10 Best Tips To Help You Run in Your Middle Ages

Even though there’s no age to not want to stay fit but let’s be honest, once
you hit that 40-year-old mark, you find your metabolism and strength
slowing you down a bit.

You may not have the vigor of a 20-year-old, but
you can definitely attain something that helps you feel way better in your
present physique.
Here are 10 tips you can follow to unleash that inner fitness enthusiast in
you, even if you are in your 40’s, 50’s or beyond.

 

1) Take More Time For Warmup

It is very important to have a proper warm-up because your muscles and
connective tissues are not the same as your 20-year-old self. They have
probably gotten stiffer, and inadequate warm-up will likely lead to torn
tissues or ligaments easily.

2) Good Shoes For a Good Run

You can minimize the chance of further injuries by investing in good quality
running shoes. Look for shoes that will fit snugly but not in an uncomfortable
way.
Also if you suffer from plantar fasciitis, look for the ones with specially
designed soles to reduce discomfort. If you’re looking for the best shoe,
check online for the best choice you will ever make.

3) Start Fast for 10 Minutes

For the first 10 minutes, do some fast walking and progress to a
slow/normal pace gradually. This way your body will feel the “warming up”
and wake all of its muscles to cooperate with your running.

4) Break Down The Reps

Running for long hours may take a bad toll on your leg muscles, therefore if
you still wish to go for the extra miles without going hard on your legs,

break down the kilometers and hours in half and take up running twice a
day.

5) Keep Easy Running Days

Alternate your hard and easy days if you run more than 3-4 times a week.
Schedule your long runs every other day, and keep the in-between days for
slow, short runs.

6) Pool Is Cool

For the days when running or hiking around mountains or parks seems like
an annoyance, opt for water running. Water running can burn the same
amount of calories and strengthen your leg muscles minus the possibility of
injuries. You can use this as an alternative for the long run days.

7) Let Yourself Heal Properly

As you grow older, your body takes longer to heal from intensive workouts.
If you find yourself struggling with extreme calf pains that do not go away,
avoid running more than thrice a week and cut down on the miles until you
feel that pain is completely gone.
Within 2-3 weeks, you will start to feel your body adjusting well into it.
However, do not back off any sooner than that thinking that you have
recovered – before you can even call out the pains will be back again.
However, do not feel pressured or challenged by your past self if your
downtime takes longer. It’s completely fine if it takes time since your goal is
to get fit and you are doing it.
Downtime does not simply mean being a couch potato and doing nothing –
opt for gardening and light hiking for the easy days.

8) Strength training

For the days you will not be running, let those days be focused on strength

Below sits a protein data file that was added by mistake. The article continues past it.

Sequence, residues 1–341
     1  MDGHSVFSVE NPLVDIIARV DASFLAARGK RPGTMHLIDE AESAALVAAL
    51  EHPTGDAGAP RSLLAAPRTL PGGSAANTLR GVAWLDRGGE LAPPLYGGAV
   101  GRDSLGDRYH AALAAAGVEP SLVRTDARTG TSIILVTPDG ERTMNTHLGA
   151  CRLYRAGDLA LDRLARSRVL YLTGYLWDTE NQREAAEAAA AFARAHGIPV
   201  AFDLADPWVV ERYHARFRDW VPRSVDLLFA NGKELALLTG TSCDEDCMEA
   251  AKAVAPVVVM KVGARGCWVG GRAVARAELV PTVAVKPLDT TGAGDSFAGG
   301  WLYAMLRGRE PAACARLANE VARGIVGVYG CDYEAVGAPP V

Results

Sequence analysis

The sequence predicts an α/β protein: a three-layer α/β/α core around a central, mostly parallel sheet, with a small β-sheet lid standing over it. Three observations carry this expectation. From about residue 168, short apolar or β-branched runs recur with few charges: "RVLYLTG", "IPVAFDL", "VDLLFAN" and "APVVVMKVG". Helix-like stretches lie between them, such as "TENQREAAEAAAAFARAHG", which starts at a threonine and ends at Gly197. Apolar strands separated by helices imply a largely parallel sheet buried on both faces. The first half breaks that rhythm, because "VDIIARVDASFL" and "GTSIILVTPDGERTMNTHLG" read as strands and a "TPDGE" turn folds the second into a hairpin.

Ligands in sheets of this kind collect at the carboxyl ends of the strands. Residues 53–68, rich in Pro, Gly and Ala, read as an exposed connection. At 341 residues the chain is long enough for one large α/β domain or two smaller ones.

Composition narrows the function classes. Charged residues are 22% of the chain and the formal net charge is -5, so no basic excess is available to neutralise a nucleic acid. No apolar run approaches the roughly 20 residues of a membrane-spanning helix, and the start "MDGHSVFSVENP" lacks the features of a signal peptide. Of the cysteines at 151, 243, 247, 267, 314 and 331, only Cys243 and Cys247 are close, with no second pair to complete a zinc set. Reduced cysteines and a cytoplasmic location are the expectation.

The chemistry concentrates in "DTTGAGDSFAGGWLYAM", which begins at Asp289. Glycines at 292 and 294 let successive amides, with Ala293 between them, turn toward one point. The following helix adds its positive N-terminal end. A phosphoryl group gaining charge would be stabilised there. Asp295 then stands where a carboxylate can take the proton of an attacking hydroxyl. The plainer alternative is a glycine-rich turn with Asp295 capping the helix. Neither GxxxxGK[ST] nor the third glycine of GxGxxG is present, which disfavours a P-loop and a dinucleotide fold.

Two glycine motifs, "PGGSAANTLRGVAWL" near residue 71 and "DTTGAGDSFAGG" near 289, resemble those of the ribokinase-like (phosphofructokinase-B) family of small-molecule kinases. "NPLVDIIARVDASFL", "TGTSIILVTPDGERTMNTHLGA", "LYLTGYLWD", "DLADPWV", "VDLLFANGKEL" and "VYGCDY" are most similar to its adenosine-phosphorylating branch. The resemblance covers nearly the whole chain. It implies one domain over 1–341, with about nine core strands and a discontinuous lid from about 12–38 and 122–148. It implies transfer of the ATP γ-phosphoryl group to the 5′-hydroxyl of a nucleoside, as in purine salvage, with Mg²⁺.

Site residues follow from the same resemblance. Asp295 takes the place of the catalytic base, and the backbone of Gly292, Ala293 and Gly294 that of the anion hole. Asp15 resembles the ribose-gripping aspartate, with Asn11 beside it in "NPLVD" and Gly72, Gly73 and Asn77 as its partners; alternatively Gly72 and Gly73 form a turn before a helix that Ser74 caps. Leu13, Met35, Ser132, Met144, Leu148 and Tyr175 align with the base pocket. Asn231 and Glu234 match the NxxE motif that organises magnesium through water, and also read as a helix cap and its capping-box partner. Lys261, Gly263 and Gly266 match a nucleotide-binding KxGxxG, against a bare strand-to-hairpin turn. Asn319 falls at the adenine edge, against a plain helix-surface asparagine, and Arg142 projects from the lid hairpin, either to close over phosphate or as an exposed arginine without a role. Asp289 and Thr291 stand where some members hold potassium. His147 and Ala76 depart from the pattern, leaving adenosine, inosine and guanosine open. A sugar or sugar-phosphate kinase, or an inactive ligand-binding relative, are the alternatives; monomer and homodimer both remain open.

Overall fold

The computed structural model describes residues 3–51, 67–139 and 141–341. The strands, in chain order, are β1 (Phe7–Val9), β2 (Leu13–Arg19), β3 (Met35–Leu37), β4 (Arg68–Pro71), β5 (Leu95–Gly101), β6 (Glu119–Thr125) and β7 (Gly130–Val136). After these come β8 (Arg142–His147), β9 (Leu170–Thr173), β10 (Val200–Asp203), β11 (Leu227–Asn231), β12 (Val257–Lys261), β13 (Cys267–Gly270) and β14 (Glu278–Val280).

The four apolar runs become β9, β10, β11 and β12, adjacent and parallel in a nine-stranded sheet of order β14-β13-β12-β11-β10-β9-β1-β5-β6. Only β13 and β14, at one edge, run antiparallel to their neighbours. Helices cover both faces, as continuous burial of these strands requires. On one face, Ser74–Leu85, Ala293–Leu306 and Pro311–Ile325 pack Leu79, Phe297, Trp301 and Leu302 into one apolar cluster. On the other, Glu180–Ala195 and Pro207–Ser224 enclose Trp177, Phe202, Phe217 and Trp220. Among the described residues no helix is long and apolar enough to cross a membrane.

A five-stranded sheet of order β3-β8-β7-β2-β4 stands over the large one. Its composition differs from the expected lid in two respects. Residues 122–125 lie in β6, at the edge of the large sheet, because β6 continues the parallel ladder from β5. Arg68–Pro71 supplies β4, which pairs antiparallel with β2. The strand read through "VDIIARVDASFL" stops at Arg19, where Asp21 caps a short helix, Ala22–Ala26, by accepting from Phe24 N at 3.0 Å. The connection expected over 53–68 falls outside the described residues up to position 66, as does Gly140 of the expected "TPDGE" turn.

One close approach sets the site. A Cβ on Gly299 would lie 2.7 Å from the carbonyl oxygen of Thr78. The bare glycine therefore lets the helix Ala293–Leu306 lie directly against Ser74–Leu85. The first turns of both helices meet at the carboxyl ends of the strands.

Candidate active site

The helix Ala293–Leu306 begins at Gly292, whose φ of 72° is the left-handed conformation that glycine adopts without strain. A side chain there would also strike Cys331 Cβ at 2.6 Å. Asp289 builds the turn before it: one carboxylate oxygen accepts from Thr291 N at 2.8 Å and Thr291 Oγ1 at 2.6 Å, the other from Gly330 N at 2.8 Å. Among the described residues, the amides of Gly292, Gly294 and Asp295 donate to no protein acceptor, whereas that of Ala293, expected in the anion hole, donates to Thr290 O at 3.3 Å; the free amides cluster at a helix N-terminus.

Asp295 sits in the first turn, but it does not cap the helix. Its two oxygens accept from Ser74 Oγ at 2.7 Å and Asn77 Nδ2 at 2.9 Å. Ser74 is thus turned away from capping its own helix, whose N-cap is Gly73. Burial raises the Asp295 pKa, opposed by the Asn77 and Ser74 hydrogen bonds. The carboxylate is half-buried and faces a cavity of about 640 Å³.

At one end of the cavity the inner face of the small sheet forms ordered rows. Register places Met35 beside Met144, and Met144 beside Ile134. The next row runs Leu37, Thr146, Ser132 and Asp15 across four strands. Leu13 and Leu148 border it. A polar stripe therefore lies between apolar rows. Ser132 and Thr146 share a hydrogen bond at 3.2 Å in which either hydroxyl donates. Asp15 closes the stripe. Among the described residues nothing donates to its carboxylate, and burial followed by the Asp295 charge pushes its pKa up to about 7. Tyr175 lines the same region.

training. Strength training will help fight the natural diminishing of muscle
mass and bone density.

Strength training will help combat that natural loss in muscle mass and bone
density.

Although there is no “one size fits all” formula when it comes to
strength training because everyone’s body structure is different, try to
incorporate workouts that hit the major muscle groups in your body.

Try to include squats, deadlifts, Nordic curls in your regiment.Strength
training will strengthen your muscles in such a way that it will train the
muscles to help prevent injury when you are running instead of exacerbating
it.

9) Don’t compare yourself to other runners.

We know the sense of resentment that comes from all those 40 and up
friends of yours posting their fitness goal accomplishments on Facebook, but
do not let it put you down.
Remember, you are not running to compete against them, but for fun and to
be healthy. After all, this is not the Olympics you all are preparing for!
Let them have their 1-hour walk while you are comfortable with your 40
minutes walk.

It is completely okay too if you need breaks between walks
and they do not. Not everyone’s body is built the same way.

10) Nurture your bones

To avoid age-related loss of bone density, make sure your diet consists of
adequate vitamin D and calcium.

Loss in bone density will further affect your
running, causing fractures and brittle bones from stress. Eat calcium-rich
foods like tofu, broccoli, and sardines.
For your dose of Vitamin D, you may want to take cod liver oil supplements
or eat fish with high healthy oil content like salmon.

Or, the best option-
bathe in the sun, of course with good sun protection.
Final Thoughts
You do not have to start running right away if you do not feel like doing so.
You can always look forward to birthdays or anniversaries to help you set
yourself a goal.

Once you have found it, do not be afraid to explore new distances or
marathons. So what you do not run as you did in your 20’s or 30’s anymore?
What matters most is that you are still running, and enjoying it to the
fullest.

Enrepreneur. I build websites all around the world an I run everyday. I just can't live without my daily running. Follow me on Twitter for more informations.

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